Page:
Do you guys have any ideas to force the actor from stalling without making him defensive? Do you have any ideas for tactics/gambits to use to make the actor feel like he is winning while getting the terms the business partners desire? Thank you for reading this novel size post. Please let me know if I can clear anything up. Any input will be appreciated and thank you for your time. - by arthurbing
Interesting post and interesting questions, arthurbing.

I don't know that I have a great deal to offer, but here are a couple observations / questions:

1. It looks like you started the project without a full agreement as to the terms of relationship between you and your actor. You said you "paid" the actor (past tense), so I assume the filming for the first project is complete. On the other hand, you talk about a "sticking point." Although I have no expertise or experience in your area, it seems to me that you'd want all those details figured out before you start your project. i.e., wouldn't you want to figure out how the actor is "attached" to future episodes before you begin the first episode?

2. Are you in a position to meet face-to-face with your actor? It sounds like you're communicating via email or something, but i'd recommend a face-to-face session to try to iron out all the details.

3. At your face-to-face, review with him what your points of agreement are. Then, find out exactly what he's asking for and why. Isolate those issues ("If we were to agree to this, would we have an agreement?"). It's also sometimes helpful to ask, "If we don't agree to this, what would happen?" Make sure you're clear about what you're asking for, too. Clarity is key.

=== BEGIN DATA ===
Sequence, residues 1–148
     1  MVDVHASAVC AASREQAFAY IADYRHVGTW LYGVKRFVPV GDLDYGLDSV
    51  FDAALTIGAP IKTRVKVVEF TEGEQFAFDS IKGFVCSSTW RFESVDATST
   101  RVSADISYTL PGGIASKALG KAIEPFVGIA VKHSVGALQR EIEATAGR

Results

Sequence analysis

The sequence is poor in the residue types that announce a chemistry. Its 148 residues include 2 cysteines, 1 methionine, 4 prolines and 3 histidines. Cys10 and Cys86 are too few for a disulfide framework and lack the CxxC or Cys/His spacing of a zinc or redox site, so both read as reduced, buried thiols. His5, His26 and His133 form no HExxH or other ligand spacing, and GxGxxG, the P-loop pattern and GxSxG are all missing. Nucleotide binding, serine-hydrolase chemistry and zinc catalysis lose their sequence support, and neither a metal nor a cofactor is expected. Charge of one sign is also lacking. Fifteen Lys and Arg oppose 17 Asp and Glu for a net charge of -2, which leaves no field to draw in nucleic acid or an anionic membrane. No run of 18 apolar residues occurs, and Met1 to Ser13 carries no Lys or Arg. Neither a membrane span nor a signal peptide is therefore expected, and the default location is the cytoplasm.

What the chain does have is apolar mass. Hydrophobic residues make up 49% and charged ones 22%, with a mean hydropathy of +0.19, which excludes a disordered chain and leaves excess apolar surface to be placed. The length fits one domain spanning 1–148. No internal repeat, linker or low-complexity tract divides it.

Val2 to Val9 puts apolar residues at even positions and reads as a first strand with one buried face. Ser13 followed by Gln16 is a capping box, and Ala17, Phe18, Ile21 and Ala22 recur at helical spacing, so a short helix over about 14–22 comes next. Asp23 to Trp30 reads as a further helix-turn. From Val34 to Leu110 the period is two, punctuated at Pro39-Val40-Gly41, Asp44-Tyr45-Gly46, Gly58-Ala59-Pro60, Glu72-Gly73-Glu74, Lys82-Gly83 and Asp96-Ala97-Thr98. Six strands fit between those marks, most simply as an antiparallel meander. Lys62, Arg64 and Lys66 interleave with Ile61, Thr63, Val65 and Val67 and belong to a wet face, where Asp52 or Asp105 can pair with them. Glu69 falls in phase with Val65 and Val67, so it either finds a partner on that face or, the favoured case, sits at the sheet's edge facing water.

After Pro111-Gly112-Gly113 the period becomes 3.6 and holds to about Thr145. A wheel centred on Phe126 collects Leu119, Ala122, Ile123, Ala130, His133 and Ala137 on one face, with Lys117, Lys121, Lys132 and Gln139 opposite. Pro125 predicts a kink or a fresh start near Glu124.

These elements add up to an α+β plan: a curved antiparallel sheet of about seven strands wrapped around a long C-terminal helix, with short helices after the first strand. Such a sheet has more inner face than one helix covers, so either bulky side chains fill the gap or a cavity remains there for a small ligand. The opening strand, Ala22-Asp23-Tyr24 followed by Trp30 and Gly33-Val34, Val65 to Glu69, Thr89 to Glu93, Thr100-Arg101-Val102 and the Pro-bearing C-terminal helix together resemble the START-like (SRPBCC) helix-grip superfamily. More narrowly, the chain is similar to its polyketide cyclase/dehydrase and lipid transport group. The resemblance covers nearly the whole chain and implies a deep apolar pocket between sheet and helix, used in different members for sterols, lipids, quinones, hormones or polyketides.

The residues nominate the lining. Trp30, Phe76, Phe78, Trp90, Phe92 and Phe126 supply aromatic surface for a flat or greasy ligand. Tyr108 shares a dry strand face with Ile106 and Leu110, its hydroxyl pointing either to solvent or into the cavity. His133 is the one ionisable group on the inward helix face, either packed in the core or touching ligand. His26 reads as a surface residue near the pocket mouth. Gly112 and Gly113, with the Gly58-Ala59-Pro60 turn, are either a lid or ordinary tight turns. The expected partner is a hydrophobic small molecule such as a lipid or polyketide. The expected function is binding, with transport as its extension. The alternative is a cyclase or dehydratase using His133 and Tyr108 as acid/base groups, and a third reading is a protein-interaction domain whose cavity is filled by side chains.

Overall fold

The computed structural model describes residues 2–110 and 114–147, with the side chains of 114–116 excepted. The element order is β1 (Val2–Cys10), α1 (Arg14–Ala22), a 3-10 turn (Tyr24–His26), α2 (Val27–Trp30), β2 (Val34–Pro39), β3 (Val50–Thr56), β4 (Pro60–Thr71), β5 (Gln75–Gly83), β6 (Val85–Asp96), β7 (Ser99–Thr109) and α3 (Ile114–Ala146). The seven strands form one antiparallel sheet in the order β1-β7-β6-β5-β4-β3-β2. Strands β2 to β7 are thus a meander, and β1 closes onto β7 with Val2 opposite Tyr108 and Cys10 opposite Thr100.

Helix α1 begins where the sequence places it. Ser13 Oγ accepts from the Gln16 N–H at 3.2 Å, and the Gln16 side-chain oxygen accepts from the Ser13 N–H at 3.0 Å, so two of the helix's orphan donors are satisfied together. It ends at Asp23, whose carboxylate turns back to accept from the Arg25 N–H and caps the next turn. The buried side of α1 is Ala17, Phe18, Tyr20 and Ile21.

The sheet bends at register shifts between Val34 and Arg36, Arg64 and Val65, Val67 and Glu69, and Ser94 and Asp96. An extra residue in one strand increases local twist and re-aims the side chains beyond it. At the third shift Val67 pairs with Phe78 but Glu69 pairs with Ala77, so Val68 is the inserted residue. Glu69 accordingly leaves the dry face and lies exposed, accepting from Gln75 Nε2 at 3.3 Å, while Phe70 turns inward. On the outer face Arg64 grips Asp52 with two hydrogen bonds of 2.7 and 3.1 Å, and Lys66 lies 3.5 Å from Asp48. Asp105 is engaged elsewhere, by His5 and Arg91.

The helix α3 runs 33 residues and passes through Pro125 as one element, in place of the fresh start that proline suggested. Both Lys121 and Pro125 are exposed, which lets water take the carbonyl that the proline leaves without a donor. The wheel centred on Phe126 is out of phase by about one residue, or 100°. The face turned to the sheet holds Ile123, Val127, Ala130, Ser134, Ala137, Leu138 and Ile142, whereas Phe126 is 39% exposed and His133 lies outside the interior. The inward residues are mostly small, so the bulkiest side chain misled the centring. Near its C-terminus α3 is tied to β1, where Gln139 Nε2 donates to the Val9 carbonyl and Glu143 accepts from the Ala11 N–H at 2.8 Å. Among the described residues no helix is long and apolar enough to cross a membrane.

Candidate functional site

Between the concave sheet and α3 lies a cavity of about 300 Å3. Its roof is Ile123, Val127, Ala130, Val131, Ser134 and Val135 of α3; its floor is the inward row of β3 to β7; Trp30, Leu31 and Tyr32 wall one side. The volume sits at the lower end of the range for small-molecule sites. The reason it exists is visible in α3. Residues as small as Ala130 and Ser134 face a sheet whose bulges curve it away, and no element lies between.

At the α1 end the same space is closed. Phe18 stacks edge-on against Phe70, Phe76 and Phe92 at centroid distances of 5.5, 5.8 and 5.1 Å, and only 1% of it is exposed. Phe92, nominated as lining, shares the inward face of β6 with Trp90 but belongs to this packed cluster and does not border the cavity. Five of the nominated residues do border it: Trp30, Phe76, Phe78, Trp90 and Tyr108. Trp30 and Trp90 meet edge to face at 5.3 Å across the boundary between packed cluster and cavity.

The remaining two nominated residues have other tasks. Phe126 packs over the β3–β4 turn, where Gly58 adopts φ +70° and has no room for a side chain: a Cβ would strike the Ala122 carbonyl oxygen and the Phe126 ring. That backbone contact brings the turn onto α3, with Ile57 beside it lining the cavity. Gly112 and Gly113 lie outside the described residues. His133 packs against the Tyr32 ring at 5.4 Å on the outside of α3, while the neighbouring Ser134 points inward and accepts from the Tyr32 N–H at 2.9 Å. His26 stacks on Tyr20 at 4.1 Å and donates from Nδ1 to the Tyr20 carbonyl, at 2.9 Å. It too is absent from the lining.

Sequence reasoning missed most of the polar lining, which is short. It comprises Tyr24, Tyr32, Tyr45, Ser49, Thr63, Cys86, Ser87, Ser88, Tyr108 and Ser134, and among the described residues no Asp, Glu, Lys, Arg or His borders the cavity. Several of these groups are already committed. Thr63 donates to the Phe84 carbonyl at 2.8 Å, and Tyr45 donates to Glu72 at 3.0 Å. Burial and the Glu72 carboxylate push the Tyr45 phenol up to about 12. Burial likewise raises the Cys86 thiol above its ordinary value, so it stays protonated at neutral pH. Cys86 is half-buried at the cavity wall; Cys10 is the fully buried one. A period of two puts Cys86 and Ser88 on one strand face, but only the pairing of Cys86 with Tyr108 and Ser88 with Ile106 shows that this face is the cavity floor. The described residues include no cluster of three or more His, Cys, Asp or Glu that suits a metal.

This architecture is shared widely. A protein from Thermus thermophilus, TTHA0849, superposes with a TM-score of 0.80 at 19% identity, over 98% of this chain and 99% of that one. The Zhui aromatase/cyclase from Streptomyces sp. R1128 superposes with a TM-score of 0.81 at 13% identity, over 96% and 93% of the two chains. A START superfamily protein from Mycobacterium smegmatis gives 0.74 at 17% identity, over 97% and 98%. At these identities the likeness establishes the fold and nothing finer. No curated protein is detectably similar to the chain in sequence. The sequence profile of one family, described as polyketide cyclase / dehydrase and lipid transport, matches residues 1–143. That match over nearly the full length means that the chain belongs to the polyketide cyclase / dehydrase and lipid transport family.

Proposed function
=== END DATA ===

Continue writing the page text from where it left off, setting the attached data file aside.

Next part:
4. If some of his issues are agreeable to you, go ahead and agree to them. That will put the ball in his court. He'll feel obligated to give you what you want if you gave on one or two points to start.

Good luck with your situation; your post was a very interesting read. - by Skip Anderson
Cut your loses. Drop the guy. He is a controller. You will have nothing but grief in the future. Sorry to be blunt, but "been there, done that!" - by Jerry Bresser
Arthur,

Interesting situation. From the sounds of it, you are both operating at a fairly high level, without fully understanding each other's interests (needs, goals, concerns, fears, etc.). I would recommend a couple of things:

1. Try to ask genuine questions to better understand what the actor is trying to achieve. He's asking for things, but you may not fully know why. Be curious - he may surprise you.

2. Try to be transparent with him - why is what he's asking for not a good thing for you to provide? What of his requests is unreasonable?

3. Once you understand his interests (what he's trying to accomplish) while fully recognizing your own, try to propose a number of equal but different possibilities. Let him choose. If he doesn't like any of them, ask why not? What can be made better to make this a yessable proposition? If he does like one (or some) over others, this could give you insight into his priorities and his interests. I also agree with Skip - if his requests are reasonable, why not grant them (or find other ways to meet his needs)? This will help you be seen as a "partner" and will help you set the tone and set an example for him to follow.